Usher Hall, Edinburgh

Keith Bruce

five stars

A YEAR hence, the newly announced 2019/20 season of Sunday Classics concerts at the Usher Hall concludes with a Brussels Phil concert conducted by Stephane Deneve. His old band, the Royal Scottish National Orchestra, brought the current season to a close with a very well-attended exploration of space and screen repertoire, built around the Houston Symphony-commissioned packaging of Gustav Holst’s The Planets as “An HD Odyssey”, using footage from the American orchestra’s neighbours at the NASA Space Center.

Film producer/director Duncan Copp’s imagery is sometimes breath-taking, but non-intrusive as far as the performance of the music is concerned, and prefaced by testimony from scientists talking about the composer’s century-old response to our solar system. Before the cosmology, however, the footage began with shots of a clockwork metronome which might as easily have been the image of the afternoon. Conductor Ben Palmer, accustomed to teaming orchestras with screenings, directs as if there is a constant click-track in his head, and the first half repertoire, which ranged from Strauss (Richard and Johann), Bach and Beethoven to John Adams and John Williams, was fascinating for that, as well as its interwoven themes on the road to the big Star Wars Main Theme finish.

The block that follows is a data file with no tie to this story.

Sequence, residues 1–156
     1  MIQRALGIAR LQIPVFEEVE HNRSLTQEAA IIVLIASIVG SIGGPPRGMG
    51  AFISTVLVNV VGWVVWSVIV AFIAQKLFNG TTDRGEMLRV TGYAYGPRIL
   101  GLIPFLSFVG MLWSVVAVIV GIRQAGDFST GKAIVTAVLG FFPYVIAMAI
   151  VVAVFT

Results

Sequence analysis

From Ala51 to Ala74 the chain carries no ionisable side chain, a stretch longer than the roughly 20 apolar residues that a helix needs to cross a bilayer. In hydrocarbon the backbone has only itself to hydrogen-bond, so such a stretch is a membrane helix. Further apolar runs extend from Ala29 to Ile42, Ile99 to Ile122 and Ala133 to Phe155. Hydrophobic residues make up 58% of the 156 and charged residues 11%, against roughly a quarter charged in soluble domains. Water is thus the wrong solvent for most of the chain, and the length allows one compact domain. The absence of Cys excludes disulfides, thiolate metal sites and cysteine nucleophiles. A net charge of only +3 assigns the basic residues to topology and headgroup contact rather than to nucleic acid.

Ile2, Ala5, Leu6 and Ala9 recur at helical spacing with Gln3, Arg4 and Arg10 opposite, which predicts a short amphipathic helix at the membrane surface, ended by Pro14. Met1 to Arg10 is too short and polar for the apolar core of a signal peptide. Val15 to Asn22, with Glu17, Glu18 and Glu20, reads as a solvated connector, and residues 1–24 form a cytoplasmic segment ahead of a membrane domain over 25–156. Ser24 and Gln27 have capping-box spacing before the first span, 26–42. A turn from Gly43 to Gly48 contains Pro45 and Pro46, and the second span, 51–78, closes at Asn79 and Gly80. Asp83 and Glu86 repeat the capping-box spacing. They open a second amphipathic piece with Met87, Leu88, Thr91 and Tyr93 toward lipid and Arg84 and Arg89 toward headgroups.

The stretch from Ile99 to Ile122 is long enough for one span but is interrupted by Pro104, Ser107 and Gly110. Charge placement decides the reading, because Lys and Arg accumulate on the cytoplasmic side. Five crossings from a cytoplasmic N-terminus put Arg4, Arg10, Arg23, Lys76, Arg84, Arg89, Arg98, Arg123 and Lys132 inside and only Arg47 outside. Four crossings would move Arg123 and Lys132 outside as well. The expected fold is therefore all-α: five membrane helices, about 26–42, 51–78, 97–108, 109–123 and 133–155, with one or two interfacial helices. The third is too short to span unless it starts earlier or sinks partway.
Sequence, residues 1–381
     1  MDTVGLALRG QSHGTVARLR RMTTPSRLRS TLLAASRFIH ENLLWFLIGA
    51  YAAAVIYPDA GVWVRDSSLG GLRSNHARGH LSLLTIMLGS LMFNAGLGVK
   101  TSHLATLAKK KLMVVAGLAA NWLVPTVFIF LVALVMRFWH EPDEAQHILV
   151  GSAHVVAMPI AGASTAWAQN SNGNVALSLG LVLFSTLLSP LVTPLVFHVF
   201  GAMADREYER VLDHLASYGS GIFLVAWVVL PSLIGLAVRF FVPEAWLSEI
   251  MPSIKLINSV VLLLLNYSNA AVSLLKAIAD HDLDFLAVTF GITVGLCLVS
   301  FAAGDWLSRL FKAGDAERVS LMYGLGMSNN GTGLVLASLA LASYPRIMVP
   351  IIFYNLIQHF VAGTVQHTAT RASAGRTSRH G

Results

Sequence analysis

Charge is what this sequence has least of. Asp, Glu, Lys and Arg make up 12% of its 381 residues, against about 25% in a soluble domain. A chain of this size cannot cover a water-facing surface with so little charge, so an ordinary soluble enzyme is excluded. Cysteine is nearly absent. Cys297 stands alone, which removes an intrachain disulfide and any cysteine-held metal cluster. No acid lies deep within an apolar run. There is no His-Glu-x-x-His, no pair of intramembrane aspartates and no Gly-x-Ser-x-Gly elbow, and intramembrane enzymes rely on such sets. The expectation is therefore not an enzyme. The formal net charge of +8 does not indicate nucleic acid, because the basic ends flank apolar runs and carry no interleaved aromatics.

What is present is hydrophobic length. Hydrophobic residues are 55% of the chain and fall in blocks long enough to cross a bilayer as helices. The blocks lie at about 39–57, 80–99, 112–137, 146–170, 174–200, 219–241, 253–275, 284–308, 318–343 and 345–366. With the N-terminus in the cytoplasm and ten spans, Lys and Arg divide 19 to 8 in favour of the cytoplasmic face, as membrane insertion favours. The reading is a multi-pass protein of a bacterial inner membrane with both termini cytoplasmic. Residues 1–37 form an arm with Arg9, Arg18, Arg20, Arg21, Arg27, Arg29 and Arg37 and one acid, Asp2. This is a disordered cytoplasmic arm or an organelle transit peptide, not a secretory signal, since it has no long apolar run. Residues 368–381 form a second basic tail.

The metronomic focus is essential for Adams’s Short Ride in a Fast Machine, but also shone on the Blue Danube, with the RSNO in US Marine Band rather than ballroom mode. That followed the brief opening Sunrise from Also sprach Zarathustra (as used in Kubrick’s 2001: A Space Odyssey, of course), which has surely never unfolded so precisely as it did here, from double bassoon and basses, through brass and timpani to a brief cameo for the mighty Usher Hall organ played by Mark Hindley. Paradoxically, Bach’s Toccata and Fugue for organ was included in its orchestral “Fantasia” arrangement by Stokowski, which in turn made the debt owed to the earlier composer in the second movement of Beethoven’s 7th all the more obvious.

A decade before he began work on The Planets, Holst occupied the trombone chair currently filled by Lance Green in the Scottish orchestra, and, whether or not that means the music is in the band’s DNA, it served up a top class version of the suite, with star solo contributions and the sharpest ensemble playing.